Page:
Facebook Twitter

No watching or hearing Games over Internet

IOC bans all video or audio transmissions except via TV

SHARE No watching or hearing Games over Internet

Picture this: Marion Jones is coiled, ready to leap from the starting blocks to try to capture her second Olympic gold medal. Fans at the 110,000-seat Olympic Stadium in Sydney, Australia, are eager to roar as seconds tick slowly until the race begins. And . . .

Whatever happens after the gun goes off during next month's Olympic Games, don't expect to watch or listen to it online — even after the fact. All video and audio transmissions of the competitions will be banned from Web sites, by order of the International Olympic Committee.

Blame it on TV.

Bringing the world together every two years, the Olympics seem ideally suited to a global medium, such as the Web. But television, with its expensive contracts and extensive viewers, is omnipotent among the five-ring crowd. And it could stay that way for years.

Broadcast rights are generating more than $1.3 billion for the 2000 Games, roughly half of the event's revenue. (The next-highest income producer, global sponsorships, brings in only 21 percent of revenue.) The IOC says it asked TV networks worldwide if they would approve online video or audio of events, live or archived. They had little interest.

"The IOC has a terrific business model now, moving images from the Olympics on a country-by-country basis. You can do that with television but not with the Internet," says Kevin Monaghan, vice president of business development for NBC Sports, which holds U.S. broadcast rights through the 2008 Games. He adds that the Olympic committee doesn't want to infringe upon the Games' TV rights, "nor do we." NBC's Olympics Web site will operate without benefit of audio or video from Sydney's events.

No event during the Olympics will be broadcast live in the United States. Even when they could show snippets of events around 5 a.m. on the East Coast — prime time in Sydney — NBC and its cable arms, MSNBC and CNBC, will hold off. (NBC is a unit of General Electric Co.) The reason: Once its video enters the public domain, newscasts and talk shows can replay it, which would undermine the uniqueness of NBC's coverage during U.S. prime time. Along the same lines, if video of the 400-meter men's relay appeared on the Web before NBC's broadcast, the value of the network's tape would diminish considerably.

Broadcasters' stake in this Olympics is their biggest ever. TV coverage in Japan will jump to 730 hours from 330; it will more than double in Brazil as well. Worldwide, 220 broadcasters will deliver about 30,000 hours of coverage, 29 percent more than the 1996 Atlanta Games. About 3.7 billion people — more than half the world's population — are expected to tune in to Sydney.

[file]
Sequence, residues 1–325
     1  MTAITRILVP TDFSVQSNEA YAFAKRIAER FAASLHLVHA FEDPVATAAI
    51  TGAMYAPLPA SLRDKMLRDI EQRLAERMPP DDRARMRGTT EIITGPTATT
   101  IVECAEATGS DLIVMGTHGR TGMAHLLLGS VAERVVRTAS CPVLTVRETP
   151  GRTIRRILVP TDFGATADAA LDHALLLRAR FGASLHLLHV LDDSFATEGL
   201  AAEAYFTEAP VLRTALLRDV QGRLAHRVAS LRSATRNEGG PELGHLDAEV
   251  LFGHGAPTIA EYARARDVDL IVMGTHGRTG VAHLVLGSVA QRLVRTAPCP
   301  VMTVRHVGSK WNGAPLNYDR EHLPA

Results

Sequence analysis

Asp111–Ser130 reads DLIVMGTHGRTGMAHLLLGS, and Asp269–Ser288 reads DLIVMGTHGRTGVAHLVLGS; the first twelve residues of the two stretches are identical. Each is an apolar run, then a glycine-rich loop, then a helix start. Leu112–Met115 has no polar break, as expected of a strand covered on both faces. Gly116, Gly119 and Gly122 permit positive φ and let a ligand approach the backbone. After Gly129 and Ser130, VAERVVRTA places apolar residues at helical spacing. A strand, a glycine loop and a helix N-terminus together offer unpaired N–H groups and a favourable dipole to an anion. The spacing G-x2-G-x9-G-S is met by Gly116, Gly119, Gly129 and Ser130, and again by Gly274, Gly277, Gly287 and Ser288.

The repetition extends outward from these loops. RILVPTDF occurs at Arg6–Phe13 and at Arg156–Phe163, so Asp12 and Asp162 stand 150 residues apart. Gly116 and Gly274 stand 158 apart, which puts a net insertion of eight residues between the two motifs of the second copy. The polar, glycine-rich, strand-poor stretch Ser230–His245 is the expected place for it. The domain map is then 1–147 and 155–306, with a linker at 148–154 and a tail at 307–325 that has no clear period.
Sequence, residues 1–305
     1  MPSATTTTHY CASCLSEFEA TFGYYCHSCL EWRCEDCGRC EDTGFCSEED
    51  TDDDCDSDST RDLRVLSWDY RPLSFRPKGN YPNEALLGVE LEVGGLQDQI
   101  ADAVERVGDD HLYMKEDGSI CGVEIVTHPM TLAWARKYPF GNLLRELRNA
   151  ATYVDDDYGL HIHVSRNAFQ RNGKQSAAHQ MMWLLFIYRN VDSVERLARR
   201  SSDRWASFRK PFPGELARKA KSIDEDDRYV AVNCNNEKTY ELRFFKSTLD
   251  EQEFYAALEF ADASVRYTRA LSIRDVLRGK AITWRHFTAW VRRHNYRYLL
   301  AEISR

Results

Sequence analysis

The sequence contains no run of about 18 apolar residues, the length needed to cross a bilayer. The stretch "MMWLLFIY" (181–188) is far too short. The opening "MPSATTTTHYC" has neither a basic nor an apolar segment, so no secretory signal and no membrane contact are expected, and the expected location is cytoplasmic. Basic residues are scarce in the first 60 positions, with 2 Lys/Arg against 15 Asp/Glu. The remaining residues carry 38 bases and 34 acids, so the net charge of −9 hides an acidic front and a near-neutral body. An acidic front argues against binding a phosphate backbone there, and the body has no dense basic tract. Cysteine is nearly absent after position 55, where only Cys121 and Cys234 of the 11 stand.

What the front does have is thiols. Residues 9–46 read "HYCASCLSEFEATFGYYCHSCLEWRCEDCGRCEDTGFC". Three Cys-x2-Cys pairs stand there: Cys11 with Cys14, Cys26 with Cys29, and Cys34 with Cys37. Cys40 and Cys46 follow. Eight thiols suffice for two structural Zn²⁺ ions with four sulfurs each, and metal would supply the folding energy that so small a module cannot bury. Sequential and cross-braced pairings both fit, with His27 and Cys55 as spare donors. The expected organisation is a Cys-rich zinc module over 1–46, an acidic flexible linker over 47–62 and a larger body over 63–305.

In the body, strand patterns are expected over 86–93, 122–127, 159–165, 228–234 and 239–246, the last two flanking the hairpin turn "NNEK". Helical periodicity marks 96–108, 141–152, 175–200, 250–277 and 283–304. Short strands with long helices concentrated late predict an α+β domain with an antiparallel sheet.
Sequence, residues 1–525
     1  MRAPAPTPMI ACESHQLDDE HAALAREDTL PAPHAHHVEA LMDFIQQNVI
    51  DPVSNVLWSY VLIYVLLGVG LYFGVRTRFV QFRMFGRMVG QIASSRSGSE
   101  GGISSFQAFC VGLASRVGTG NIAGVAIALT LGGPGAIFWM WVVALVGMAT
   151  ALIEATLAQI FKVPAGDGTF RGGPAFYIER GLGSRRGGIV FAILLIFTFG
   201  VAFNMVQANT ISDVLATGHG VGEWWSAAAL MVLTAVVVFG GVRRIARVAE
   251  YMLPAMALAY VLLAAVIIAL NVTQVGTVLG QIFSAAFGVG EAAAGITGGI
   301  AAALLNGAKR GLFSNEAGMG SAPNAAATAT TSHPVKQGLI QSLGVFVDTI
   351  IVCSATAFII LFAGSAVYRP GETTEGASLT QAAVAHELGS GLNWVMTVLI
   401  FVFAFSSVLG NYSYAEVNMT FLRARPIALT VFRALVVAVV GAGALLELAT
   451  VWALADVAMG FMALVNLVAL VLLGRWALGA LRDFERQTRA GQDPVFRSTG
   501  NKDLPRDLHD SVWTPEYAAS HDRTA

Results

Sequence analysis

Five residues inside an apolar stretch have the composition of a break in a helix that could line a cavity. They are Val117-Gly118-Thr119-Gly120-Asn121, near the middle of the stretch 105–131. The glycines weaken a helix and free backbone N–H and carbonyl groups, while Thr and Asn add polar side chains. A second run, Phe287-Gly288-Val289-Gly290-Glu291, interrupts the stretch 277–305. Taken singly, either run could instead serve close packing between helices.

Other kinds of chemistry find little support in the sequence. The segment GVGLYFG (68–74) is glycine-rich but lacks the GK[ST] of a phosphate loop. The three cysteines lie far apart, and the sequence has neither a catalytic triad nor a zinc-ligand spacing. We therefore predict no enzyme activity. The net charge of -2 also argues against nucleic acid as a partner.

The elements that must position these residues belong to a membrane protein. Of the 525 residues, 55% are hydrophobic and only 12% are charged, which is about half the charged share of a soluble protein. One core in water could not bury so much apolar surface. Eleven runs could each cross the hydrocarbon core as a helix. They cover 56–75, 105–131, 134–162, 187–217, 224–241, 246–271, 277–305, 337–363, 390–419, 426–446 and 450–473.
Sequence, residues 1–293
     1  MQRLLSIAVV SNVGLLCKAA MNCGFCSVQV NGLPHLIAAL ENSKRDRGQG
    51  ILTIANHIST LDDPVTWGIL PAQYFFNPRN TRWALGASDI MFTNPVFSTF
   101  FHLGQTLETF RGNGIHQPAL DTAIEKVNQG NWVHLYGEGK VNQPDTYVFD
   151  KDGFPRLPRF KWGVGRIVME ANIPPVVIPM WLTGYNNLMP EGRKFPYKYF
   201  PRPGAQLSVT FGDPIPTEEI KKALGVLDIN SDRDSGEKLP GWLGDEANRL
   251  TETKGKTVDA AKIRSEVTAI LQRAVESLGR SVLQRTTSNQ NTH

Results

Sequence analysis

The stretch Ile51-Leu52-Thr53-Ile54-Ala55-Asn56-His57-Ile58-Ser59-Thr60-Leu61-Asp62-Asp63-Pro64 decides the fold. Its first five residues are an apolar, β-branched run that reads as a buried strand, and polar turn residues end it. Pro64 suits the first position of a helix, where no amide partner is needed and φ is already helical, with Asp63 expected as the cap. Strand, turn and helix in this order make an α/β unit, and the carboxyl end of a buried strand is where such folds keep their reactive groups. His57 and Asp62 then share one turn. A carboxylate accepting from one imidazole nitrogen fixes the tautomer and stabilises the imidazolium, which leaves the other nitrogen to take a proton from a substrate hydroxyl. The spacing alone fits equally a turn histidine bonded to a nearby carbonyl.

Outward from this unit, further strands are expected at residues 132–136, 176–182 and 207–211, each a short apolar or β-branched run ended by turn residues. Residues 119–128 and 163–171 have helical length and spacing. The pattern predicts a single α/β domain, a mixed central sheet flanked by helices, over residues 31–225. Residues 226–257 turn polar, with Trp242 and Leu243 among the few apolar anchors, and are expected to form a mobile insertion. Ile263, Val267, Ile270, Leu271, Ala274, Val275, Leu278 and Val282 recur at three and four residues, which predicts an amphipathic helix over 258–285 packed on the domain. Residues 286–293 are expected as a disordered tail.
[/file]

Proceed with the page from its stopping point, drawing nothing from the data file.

The Internet? Tuned out. In fact, NBC is the only broadcaster that bothered to create its own Olympics site www.nbcolympics.com.

"The most optimistic numbers for Sydney are 35 million (unique visitors) for the NBC Olympics site," says Michael Payne, marketing director for the IOC. "That's still only 1 percent of your television audience. It (the Internet) is still very much a secondary way to get your Olympic experience."

Patrick Keane, a senior analyst at New York-based Jupiter Communications, says the IOC should at least permit video highlights on the Internet during the 2002 Winter Games in Salt Lake City. He foresees Web rights' ultimately being pitched to broadcast partners such as NBC, though he thinks that's shortsighted.

"They should set up an auction-style format and give them to the highest bidder," says Keane, who believes the two-week event in 2002 could fetch anywhere from $3 million to $5 million.

The IOC plans to meet in Switzerland in December to explore future Internet options. Any alteration, the organization says, would have to protect broadcasters' rights. Radical change is unlikely. "The technology is not there yet to show broadcast-quality video on the Internet," says Dick Pound, vice president of the IOC and a key figure in TV-rights negotiations.

That hasn't hampered U.S. league sites. NFL.com, NBA.com, NHL.com and majorleaguebaseball.comall post video game replays and stream live game audio.

Some sports-news venues with broadcast ties are working creatively within today's Olympic restrictions. ESPN.com will post video and audio from interviews conducted by the ESPN SportsCenter team. MSNBC.com's sports section will stream pre- and post-event video shows.

"It'll be a great companion to the broadcast," says Merrill Brown, editor in chief of MSNBC.com. (WSJ.com and MSNBC.com are in a content-sharing alliance unrelated to the Olympics.)

During the 1998 Winter Olympics in Nagano, Japan, some sites filmed television images of events and posted them online, the IOC's Payne says. Lawbreakers will pay a penalty in Sydney.

"We have the magical ability to pull accreditation," says Pound. Down the line, one site that won't have trouble showing Olympic footage is the IOC's venue www.olympics.org. While it can't use audio or video from Sydney, the organization possesses more than 50,000 hours of Olympic highlights going back to 1900, which it plans to digitize.

"With all that content, you could put up an Olympics Channel," muses Pound.

Via The Associated Press